Messrs. Denmark, Dekle, and Dr. Weems attended the En-
tomological Society of America annual meetings in Atlantic
City, N. J., from November 27-November 30, 1960. Mr. Den-
mark and Dr. Weems visited the Academy of Natural Sciences at
Philadelphia and the United States National Museum at Wash-
ington, D. C. while on this trip, and Mr. Dekle visited the Plant
Quarantine Division Training Center at New York City and the
United States National Museum at Washington, D. C.
Messrs. Denmark, Dekle, Woodruff, and Dr. Weems attended
the 43rd annual meeting of the Florida Entomological Society
in Jacksonville, Florida, September 8-9, 1960.
From December 5-8, 1960, Mr. Woodruff attended the For-
estry Insect Work Conference in Macon, Georgia. He was also
at the Insect Detection Conference held in Winter Haven, Flor-
ida, March 7-8, 1961.
Mr. Dekle went to Mobile, Alabama, in January 1961 to at-
tend the Southeastern Branch meeting of the Entomological
Society of America.
Mr. Denmark attended the Southeastern Regional Imported
Fire Ant Research Project meeting at Auburn, Alabama, April
18-19, 1961.
On July 25, 1961, Mr. Dekle attended the Duval County Chap-
ter of the Florida Nursery Growers Association in Jacksonville,
Florida.
The annual Citrus Growers Institute at Camp McQuarrie
was attended by Mr. Denmark on August 8, 1961. Mr. Denmark
also attended the Imported Fire Ant Committee meeting in
Quincy, Florida, on October 19.
Mr. Dekle journeyed to Fayetteville, Arkansas, October 26-
27, 1961, to attend the Sixth Southern Forest Insect Work Con-
ference.
The annual Division of Plant Industry meeting, held jointly
with the Florida Horticultural Society annual meeting in Miami
Beach was attended by Messrs. Denmark, Dekle, and Woodruff,
October 30-November 2, 1961. Mr. Denmark spoke before the
Future Farmers of America at the Plant City High School on
November 21.
The Entomological Society of America's annual meeting held
in Miami, Florida, November 27-30, 1961, was attended by
Messrs. Dekle, Denmark, Mead, Woodruff, and Dr. Weems.







Twenty-Fourth Biennial Report


Mr. Denmark and Mr. Woodruff attended the Florida Depart-
ment of Agriculture annual meeting in Tallahassee, December
4-5, 1961.
From January 23-25, 1962, Messrs. Dekle, Denmark, Mead,
Woodruff, and Dr. Weems were present at the Florida Entom-
ologists and Nematologists Annual Conference at Ft. Pierce,
Florida.
Mr. Denmark traveled to Ithaca, New York, to attend a sym-
posium on acarology at Cornell University, March 26-29, 1962.
Mrs. Batey attended the Annual Special Libraries Association
Convention, held in Washington, D. C., May 27-31, 1962. The
program included tours of all the important libraries in the area.

TALKS
Mr. Woodruff gave a paper on "Ecological Notes on the Fam-
ily Scarabaeidae" and discussed the Economic Insect Survey on
a panel discussion at the Florida Entomological Society meeting
in Jacksonville, September 8-9, 1960. At the Insect Detection
Conference in Winter Haven, March 7-8, 1961, he talked on
"The Florida Insect Survey."
During the summer of 1960, Dr. Weems gave two illustrated
talks on arthropods as part of a lecture series presented by the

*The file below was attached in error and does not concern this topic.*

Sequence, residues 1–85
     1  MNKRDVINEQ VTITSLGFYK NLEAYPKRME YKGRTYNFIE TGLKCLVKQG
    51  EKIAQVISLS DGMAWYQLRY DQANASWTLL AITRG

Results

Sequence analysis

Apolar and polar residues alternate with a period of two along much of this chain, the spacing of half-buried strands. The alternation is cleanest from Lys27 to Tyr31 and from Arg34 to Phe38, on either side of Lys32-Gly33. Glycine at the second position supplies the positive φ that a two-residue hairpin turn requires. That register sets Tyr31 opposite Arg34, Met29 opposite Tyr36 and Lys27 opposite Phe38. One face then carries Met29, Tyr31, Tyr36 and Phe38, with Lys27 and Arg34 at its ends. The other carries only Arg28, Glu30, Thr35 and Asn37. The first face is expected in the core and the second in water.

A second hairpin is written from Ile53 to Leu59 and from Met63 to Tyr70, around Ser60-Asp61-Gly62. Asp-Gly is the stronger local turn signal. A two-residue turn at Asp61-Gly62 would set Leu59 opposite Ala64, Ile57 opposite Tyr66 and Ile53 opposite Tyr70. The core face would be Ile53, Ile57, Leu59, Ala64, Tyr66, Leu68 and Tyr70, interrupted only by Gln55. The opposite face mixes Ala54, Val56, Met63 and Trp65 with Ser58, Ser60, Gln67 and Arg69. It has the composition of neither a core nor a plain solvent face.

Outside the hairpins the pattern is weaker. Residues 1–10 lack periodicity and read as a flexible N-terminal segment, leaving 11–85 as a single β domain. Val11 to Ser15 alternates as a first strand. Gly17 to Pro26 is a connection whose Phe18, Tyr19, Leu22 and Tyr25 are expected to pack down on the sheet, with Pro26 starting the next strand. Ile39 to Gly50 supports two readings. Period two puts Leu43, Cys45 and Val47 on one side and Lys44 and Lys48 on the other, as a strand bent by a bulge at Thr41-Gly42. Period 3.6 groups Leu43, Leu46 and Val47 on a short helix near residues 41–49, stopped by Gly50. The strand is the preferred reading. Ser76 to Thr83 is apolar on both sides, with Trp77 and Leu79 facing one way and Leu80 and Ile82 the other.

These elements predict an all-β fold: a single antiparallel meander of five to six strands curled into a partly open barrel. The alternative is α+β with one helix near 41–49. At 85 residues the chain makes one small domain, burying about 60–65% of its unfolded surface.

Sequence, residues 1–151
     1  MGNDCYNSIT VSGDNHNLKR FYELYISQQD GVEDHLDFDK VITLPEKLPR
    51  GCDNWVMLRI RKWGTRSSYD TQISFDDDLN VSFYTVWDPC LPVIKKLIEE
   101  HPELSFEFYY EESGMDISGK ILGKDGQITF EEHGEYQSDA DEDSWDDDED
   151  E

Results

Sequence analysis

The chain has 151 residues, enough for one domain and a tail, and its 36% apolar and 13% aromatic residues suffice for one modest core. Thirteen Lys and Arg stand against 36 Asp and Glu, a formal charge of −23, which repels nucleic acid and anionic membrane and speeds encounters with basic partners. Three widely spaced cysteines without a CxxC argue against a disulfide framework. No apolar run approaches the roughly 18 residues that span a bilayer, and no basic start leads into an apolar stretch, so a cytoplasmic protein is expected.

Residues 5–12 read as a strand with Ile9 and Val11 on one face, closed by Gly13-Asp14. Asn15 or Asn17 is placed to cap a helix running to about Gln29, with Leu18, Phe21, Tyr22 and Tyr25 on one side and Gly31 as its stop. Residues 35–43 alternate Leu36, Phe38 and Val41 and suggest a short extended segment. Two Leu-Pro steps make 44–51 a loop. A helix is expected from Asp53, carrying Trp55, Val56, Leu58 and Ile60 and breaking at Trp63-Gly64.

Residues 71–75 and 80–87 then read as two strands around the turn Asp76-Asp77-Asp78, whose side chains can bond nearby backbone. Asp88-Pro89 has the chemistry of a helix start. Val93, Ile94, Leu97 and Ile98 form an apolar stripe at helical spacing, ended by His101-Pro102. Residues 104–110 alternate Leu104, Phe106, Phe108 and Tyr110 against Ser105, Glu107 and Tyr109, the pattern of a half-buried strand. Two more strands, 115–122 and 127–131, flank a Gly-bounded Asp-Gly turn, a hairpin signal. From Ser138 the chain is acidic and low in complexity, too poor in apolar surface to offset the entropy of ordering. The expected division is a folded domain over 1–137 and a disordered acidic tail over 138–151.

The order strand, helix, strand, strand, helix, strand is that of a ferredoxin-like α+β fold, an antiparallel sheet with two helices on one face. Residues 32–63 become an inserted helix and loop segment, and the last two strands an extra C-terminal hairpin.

Florida State Museum at Gainesville. An invitational paper on
"Florida Entomological Society Member Cooperation in the Na-
tional Science Program for Young People" was given at the
annual meeting of the Florida Entomological Society in Jackson-
ville on September 9, 1960, by Dr. Weems.
Mr. Dekle presented three one-hour lectures for Dr. F. S.
Blanton's Technique Class in the Department of Entomology at
the University of Florida, entitled "Plastic Embedding Procedures
for Invertebrates" during October 1960. In November 1960 he
presented a paper "Arthropods Collected in Fir Bark Potting Me-
dia" at the Orchid Short Course held at the University of Flor-
ida. "Orchid Insects Associated with Potting Media" was the
title of a talk given by Mr. Dekle at the Gainesville Orchid So-
ciety meeting in January 1961. In April 1961 he presented three
one-hour lectures on orchid insects and control for Dr. T. J.
Sheehan's Orchid Culture Class in the Department of Horticul-
ture at the University of Florida. At the Duval County Chapter
of the Florida Nursery Growers Association in Jacksonville on
July 25, 1961, Mr. Dekle spoke on "Turf Grass Insects." On
October 26, 1961, at the Sixth Southern Forest Insect Work







Division of Plant Industry


Conference in Fayetteville, Arkansas, Mr. Dekle gave a paper
entitled "Improved Technique for Embedding Insects in Plastic."
Mr. Denmark presented an invitational paper at the En-
tomological Society of America annual meeting in Atlantic City,
New Jersey, November 29, 1960, on "Recent Progress and Needs
in the Documentation of Our Insect Fauna." On November 21,
1961, Mr. Denmark presented a talk to the Future Farmers of
America at Plant City High School in Plant City, Florida, en-
titled "Insect Identification and Control for Citrus." At the En-
tomological Society of America annual meeting at Miami, Novem-
ber 27, 1961, Mr. Denmark presented a paper entitled "Evalua-
tion of a Blacklight trap" and was co-author with Dr. Martin
H. Muma on a paper entitled, "Intraspecific Variation in the Fam-
ily Phytoseiidae (Acarina: Mesostigmata)."
Mr. Mead was co-author with William G. Genung on a paper
presented at the Entomological Society of America annual meet-
ing at Miami on November 28, 1961, entitled "Leafhopper Differ-
entials of Five Pasture Grasses in the Everglades (Homoptera:
Cicadellidae)."









Plant Pathology Section


CARTER P. SEYMOUR, Chief Plant Pathologist

Transition has been the order of the day for this twenty-
fourth biennium. The Plant Pathology Section, in spite of a